Sunday, November 11, 2012

What we learned in Texas A&M’s upset over Alabama

image We learned a lot from Texas A&M’s upset over Alabama yesterday at Bryant-Denny Stadium. The result wasn’t shocking or wholly unexpected. This was on many observers’ upset alert since Alabama had to pull a Death Valley Rally last week to beat LSU. But it did bring a cold dose of reality to Tide faithful hoping for the BCS’ first repeat.

This is a young team that is still forming its own sense of identity as it matures and gains experience.

We can end the AJ McCarron Heisman talk. AJ is as fine of a quarterback as any in recent memory. He’s a leader and a playmaker. But he is no Heisman trophy candidate and shouldn’t ever really have been mentioned as one. That was one of his worst outings as a starter. He’ll get over it quickly and bounce back strongly, but when you’re relying on the QB in this league, AJ is not the caliber of signal caller you need. It’s not a dig or a bash. It is what it is.

The preseason warnings about lost starters proved prescient. Alabama lost six starters from the 2011 defensive unit, including Dont’a Hightower and Courtney Upshaw at LB, Dre Kirkpatrick at CB and Mark Barron at Safety. A lot of those fears were forgotten when the Tide defense destroyed Michigan and the vaunted Arkansas passing game. There is no lack of talent on the Alabama defense, but there is something of an experience and leadership gap between last year’s squad and this one. It showed.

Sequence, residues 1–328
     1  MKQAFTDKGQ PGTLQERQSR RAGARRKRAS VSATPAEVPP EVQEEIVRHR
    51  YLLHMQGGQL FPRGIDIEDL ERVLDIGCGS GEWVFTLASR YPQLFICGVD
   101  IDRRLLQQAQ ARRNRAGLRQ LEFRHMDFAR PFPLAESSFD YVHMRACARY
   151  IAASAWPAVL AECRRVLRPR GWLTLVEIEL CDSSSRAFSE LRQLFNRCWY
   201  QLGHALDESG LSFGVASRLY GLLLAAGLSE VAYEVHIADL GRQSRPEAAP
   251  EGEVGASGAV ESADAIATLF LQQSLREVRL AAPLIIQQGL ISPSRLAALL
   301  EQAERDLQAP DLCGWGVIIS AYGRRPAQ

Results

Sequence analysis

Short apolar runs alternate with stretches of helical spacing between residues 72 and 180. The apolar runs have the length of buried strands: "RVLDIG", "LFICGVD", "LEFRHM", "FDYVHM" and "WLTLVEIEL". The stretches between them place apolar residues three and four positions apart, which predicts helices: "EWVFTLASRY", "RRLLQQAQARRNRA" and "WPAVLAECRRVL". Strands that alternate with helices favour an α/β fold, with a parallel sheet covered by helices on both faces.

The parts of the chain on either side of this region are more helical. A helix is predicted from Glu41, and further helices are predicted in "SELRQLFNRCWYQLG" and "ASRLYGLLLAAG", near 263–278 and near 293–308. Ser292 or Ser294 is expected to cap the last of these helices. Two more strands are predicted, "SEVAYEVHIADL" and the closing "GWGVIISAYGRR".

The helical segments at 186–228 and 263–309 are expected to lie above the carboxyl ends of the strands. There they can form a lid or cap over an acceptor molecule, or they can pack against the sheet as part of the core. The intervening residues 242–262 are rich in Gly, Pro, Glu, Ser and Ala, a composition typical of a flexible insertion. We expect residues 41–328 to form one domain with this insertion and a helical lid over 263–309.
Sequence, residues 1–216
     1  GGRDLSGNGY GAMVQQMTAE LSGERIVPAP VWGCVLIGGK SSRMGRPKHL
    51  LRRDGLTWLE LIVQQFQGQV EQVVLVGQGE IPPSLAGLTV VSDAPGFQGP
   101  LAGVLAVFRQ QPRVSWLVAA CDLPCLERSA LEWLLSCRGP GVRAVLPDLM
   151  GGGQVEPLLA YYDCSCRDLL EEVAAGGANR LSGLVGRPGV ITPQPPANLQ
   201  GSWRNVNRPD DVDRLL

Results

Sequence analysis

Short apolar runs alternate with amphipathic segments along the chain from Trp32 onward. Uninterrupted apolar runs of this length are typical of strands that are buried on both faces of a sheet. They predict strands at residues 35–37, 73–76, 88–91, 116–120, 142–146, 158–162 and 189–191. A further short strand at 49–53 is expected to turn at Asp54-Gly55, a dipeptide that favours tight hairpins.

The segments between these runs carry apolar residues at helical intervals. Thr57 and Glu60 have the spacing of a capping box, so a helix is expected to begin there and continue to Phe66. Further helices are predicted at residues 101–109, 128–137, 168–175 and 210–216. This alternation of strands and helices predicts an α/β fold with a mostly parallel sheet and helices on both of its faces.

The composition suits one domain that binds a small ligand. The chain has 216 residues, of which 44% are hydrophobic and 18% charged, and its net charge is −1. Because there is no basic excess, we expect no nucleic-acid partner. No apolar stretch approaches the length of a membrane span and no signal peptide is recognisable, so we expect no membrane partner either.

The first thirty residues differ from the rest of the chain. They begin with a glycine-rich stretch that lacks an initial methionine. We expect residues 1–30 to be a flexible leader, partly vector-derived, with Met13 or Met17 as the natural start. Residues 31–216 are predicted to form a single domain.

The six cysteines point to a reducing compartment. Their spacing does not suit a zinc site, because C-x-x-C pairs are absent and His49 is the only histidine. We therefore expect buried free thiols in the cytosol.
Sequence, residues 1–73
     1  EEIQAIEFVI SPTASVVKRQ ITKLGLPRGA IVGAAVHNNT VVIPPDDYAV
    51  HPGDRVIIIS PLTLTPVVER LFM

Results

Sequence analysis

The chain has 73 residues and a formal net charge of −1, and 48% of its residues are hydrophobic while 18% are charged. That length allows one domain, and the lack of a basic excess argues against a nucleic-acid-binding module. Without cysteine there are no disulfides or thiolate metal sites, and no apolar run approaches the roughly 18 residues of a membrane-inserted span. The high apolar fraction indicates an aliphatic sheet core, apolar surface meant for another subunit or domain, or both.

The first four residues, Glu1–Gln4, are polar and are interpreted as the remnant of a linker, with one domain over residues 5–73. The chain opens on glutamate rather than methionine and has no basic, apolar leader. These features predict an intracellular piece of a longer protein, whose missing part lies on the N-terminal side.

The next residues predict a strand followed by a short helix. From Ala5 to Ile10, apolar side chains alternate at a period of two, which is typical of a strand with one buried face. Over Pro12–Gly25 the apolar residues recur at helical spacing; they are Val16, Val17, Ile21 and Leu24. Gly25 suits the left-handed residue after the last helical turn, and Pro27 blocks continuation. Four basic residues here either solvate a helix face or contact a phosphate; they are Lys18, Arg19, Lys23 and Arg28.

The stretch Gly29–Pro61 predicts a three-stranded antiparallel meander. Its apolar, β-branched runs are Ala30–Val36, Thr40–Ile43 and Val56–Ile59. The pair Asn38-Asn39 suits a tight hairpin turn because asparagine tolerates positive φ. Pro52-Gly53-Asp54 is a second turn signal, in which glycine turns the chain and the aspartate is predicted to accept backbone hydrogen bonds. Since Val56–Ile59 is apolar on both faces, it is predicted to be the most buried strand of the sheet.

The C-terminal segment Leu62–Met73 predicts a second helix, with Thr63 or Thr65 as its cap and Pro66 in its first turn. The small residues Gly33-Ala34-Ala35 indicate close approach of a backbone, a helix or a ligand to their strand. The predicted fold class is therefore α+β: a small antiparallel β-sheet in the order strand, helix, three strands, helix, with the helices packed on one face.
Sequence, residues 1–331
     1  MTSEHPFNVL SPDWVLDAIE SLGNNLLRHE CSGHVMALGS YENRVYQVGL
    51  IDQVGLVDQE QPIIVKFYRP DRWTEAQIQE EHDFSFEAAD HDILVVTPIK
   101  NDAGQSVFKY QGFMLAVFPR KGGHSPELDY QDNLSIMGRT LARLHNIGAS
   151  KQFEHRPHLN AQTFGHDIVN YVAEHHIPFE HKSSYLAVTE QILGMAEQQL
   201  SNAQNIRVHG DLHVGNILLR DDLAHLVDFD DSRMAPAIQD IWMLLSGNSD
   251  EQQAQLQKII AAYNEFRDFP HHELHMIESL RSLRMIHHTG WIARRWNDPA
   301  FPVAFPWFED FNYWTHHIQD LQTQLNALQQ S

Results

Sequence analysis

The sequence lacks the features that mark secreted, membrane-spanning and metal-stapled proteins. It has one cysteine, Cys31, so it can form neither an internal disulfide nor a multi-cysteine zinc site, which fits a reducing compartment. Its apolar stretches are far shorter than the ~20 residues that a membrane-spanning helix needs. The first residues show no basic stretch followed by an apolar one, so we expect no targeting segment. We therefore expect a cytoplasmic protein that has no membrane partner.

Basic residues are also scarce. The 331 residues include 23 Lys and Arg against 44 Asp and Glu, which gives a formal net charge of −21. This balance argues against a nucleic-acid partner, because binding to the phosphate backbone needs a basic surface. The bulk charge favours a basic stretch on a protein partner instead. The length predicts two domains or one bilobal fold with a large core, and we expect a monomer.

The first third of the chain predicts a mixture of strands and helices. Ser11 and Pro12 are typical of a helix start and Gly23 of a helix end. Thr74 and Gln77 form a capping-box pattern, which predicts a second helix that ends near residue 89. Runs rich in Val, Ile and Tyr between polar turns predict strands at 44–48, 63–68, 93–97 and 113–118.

Alabama lacks a beastly pass rusher. There is no one on the Alabama defense who is an unblockable pass rusher. There are good gap players, good run stoppers and good end sealers on the front seven. But there is no Marcel Dareus and that’s the one thing that kept Alabama from worrying Johnny Manziel last night.

The lack of depth at tailback is a problem. Alabama doesn’t have a back capable of running the football 25 times, and it changes the offensive playcalling philosophy. It gets Alabama out of its most comfortable Neanderball strategy of smashmouth running to set up the passing game. Eddie Lacy and TJ Yeldon combined for 27 carries, while AJ attempted 34 passes.

The Death Valley Rally game took a toll on the team. No one will admit to it, but the physical, mental and emotional state of the team—including the coaching staff—took a beating in Baton Rouge. A&M was the third straight Top 15 team Alabama had faced in the last three weeks. It is difficult enough to maintain focus and intensity during an eight game SEC slate but asking such a young team to do so has its price.

The offensive line is still one of the best in college football. This is a unit that should have been relied on more yesterday as the game wore on. Texas A&M has a capable and talented defense, but it lacks the depth that would have gotten them off of the field if Alabama had pounded the rock more. The depth in the backfield aside, 27 carries for a measly 125 yards is not Alabama football. Which brings us to…

We’d like the final drive back, please. AJ’s downfield strike to Kenny Bell to set up a first and goal was the best call in the drive. The next four consisted of one rush and three pass attempts, the last one resulting in the game killing INT.

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